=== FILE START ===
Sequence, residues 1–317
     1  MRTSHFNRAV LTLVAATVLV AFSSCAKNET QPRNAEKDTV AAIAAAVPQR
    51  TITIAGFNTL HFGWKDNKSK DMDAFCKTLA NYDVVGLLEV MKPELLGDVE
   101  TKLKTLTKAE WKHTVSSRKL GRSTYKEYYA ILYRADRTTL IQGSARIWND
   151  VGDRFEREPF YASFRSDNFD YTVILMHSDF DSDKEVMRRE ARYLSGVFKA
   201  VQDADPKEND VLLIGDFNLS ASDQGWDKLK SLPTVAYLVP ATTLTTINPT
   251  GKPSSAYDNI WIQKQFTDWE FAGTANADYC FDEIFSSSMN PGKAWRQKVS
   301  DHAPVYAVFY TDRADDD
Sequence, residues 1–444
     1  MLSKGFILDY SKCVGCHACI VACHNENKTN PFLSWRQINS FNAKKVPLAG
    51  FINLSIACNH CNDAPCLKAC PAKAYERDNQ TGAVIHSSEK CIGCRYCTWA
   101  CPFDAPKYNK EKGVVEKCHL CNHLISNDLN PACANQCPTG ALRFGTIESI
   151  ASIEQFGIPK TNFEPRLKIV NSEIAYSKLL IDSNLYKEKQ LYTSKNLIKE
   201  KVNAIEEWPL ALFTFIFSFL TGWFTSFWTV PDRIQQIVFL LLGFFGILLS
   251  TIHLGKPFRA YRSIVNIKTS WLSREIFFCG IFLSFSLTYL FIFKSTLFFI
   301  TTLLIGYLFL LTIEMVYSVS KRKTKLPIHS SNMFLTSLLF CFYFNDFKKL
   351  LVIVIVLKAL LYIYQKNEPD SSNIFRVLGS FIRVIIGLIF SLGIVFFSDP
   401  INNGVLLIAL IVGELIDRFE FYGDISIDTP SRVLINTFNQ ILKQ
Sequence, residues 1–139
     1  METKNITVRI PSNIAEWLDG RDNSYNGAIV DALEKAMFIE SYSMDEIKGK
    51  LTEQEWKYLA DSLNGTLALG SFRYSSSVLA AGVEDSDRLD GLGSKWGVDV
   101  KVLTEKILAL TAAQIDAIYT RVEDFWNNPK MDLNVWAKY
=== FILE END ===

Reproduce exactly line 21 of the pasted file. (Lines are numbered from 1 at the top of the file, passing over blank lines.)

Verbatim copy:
    51  LTEQEWKYLA DSLNGTLALG SFRYSSSVLA AGVEDSDRLD GLGSKWGVDV